Among African drum traditions, the jembe of the Malinke and other Mande peoples has become an unprecedentedly global phenomenon. Mandinka kutiro drumming is closely related to the jembe tradition but comparatively little known outside of Gambia and Senegal. The kutiro ensemble consists of three drums: the accompanying kutirindingo (“small kutiro”), the almost identical but larger kutiroba (“big kutiro”), and the long, cannon-shaped sabaro, which is clearly related to, and likely borrowed from, the neighbouring Wolof sabar ensemble (some maintain that the kutirindingo and kutiroba originate with the Firdu Fula [notes to the Village Pulse CD Amadu Bamba: Drums of the Firdu Fula, VPU-1004]). All of the drums are played with a pencil-sized stick (in the strong hand) and a bare (weak) hand, which allows for a wide range of stroke qualities that can create the illusion of more than three drums playing. Some repertoire and styles use two bare hands for the kutiroba part; special pitch bending effects are created by pressing the centre of the drum skin with the elbow (weak hand) on the kutirindingo and kutiroba. The sabaro drummer also commands a police whistle that may be played in a rhythmic fashion, delineating short motives and longer phrases, or simply blown in natural tandem with his breathing, adding an edgy, frenetic craziness to the mix. (Most Westerners find the whistle to be an acquired taste but after initial impressions one grows to appreciate and indeed enjoy its biting intensity as an integral layer of the ensemble sound.) Like the jembe tradition, the typical venues for kutiro drumming are celebrations (especially weddings), recreational dancing, and agricultural work, although this latter function is comparatively rare these days. A kutiro event includes drumming, dancing and singing, which weaves a standard repertoire of short, strophic call-and-response songs with improvised social commentary based on melodic formulae.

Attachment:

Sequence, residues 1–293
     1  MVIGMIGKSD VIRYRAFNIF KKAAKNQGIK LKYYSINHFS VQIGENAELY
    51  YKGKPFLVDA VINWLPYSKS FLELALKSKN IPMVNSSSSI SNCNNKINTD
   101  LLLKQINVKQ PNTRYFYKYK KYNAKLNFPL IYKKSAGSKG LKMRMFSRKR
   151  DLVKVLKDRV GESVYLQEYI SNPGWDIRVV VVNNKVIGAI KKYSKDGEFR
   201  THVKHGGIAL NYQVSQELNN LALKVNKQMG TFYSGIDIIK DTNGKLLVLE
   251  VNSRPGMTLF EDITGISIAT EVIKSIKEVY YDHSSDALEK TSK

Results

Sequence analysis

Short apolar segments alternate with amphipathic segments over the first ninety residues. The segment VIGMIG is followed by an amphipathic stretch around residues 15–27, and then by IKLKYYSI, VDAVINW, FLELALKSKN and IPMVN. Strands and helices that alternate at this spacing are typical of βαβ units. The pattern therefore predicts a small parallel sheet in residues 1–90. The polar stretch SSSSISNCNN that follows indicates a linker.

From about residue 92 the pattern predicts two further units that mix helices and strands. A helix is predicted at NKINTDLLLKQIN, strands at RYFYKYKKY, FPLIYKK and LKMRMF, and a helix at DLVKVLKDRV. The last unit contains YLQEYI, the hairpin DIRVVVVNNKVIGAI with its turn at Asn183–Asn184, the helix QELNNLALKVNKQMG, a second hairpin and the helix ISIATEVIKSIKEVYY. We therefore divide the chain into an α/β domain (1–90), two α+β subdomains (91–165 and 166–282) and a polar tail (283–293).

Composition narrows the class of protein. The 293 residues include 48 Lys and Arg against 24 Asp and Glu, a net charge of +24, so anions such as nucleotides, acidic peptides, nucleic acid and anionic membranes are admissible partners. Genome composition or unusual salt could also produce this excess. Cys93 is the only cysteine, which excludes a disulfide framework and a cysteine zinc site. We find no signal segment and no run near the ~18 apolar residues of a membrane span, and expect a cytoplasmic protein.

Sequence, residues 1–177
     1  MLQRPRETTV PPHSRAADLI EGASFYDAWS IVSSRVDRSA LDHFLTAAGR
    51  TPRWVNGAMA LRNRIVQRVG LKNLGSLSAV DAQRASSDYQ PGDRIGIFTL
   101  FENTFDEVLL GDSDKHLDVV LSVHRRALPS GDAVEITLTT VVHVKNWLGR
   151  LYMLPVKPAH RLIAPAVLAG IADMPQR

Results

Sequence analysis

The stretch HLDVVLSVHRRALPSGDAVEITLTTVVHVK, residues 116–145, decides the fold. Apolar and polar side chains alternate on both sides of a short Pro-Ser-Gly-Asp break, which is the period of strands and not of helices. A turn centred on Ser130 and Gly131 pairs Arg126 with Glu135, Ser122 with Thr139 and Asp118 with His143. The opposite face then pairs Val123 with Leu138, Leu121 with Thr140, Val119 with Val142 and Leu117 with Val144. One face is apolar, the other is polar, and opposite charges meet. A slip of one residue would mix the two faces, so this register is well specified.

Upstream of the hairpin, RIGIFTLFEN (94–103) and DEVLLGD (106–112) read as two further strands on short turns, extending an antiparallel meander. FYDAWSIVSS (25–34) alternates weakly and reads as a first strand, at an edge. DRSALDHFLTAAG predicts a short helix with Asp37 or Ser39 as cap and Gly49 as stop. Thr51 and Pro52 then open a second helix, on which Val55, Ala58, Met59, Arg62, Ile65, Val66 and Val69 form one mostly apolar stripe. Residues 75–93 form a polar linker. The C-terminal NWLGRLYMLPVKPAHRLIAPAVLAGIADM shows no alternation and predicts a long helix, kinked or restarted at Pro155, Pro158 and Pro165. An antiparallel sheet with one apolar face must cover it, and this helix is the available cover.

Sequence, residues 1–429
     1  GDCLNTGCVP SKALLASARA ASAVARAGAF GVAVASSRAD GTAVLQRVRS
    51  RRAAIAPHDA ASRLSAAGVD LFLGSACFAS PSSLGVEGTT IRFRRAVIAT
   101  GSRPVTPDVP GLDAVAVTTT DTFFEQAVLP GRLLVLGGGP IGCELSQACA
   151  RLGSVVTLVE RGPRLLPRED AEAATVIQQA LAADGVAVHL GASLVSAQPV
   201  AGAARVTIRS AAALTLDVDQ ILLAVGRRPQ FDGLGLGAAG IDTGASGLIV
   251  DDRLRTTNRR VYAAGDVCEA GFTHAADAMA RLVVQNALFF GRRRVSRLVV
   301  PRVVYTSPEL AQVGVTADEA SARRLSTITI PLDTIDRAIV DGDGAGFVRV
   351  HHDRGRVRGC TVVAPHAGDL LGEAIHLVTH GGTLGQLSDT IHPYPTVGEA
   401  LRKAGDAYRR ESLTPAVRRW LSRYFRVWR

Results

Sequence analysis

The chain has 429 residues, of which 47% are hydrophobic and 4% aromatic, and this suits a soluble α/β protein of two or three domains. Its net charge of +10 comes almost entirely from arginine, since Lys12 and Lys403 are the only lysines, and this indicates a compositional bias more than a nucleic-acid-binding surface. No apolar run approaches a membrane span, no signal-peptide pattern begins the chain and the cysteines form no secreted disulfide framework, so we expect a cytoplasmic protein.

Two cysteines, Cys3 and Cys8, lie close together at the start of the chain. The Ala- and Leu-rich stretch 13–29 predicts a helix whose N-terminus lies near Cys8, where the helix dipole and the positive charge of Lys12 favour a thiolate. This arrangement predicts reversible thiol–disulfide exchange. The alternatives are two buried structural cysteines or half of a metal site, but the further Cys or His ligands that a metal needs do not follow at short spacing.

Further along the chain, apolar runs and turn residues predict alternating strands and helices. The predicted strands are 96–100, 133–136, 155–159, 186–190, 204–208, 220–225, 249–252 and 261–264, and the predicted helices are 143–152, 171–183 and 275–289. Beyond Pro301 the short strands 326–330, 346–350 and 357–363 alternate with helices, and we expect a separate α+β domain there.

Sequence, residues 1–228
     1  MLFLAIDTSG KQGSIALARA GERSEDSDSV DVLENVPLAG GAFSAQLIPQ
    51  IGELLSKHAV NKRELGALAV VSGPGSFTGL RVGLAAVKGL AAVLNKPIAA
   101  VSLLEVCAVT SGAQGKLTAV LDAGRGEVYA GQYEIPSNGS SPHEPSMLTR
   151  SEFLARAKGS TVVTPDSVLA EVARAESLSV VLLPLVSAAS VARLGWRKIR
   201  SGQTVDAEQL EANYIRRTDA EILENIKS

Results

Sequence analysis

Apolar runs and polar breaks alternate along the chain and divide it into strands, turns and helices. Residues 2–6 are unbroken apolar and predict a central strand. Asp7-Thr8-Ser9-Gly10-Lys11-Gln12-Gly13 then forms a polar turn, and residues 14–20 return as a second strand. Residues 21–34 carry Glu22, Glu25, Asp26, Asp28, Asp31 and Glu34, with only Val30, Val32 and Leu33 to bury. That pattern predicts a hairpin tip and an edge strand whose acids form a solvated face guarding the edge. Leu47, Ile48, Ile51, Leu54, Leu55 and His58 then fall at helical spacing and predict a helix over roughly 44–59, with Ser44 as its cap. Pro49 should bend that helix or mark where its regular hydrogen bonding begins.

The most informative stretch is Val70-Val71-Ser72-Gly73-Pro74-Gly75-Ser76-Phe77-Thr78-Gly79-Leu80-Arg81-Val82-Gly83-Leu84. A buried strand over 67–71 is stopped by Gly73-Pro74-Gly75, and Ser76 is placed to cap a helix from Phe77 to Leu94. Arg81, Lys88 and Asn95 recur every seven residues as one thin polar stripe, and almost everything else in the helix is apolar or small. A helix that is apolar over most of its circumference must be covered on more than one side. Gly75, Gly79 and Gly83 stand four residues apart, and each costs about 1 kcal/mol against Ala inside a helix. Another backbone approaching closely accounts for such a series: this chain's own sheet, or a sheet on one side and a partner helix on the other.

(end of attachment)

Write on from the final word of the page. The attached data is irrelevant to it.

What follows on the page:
The present recording consists of performances recorded in the western Gambia in 1987 and 2002 by the same group of drummers led by Fina Korta. Based in Bakoteh, Fina Korta’s ensemble has been active in the Serrekunda area for over two decades. When I first met the group in 1987 Fina was a dynamic singer and dancer. He is now semi-retired and only performs rarely at “programs” (as their paid engagements are called) when the spirit moves him; he is present at all performances and manages the groups business affairs. Fina learned his art from Bakary Marong, who was active in the early 1970’s. While previous recordings of kutiro drumming have released short excerpts from longer performances (which is desirable for introducing this music to new listeners), this recording includes a longer excerpt that illustrates the flexible, telepathic shifting of rhythms that characterizes the performance practice and style of Fina’s group.
Fina leads a group that consists of a core of about five drummers, a singer (besides himself), which is supplemented by a floating or part-time contingent of another five or so drummers. A complete kutiro ensemble involves only three drummers: the lead sabaro drummer and two support parts (kutirindingo and kutiroba). Very infrequently, an occasion may arise when two sabaros play at the same time. In Fina’s ensemble, as few as four or as many as seven or eight players may show up for a gig/program. In the latter case, junior drummers get things warmed up before tagging off with the senior members halfway (or more) through the performance. The group functions as a collective small business wherein proceeds from a program are distributed between core members, who may not necessarily have even performed at the particular event. The ensemble collects proceeds from those attending the event in a gradual fashion throughout the program; rather than a lump payment, remuneration is a dynamic and ritualized form of busking, ebbing and flowing with the overall energy of the event. While expedient, Western-style networks surely exist within the daily lives of the drummers, a sense of genuine community predominates: people in long-term, caring and cooperative relationships defined by mutual commonality and obligation. It is clearly evident that the musicians actually like being around each other, as they meet on a daily basis to hang out on the frequent days without work; some members regularly walk several miles in order to do so. Extensive sitting, with the accompanying sipping of tea, sharing of meals and conversation, is an integral component of the social life of drummers. Ensemble members usually assemble at a venue several hours before their performance in order to sit and relax; food and drink are then usually supplied by the host of the event.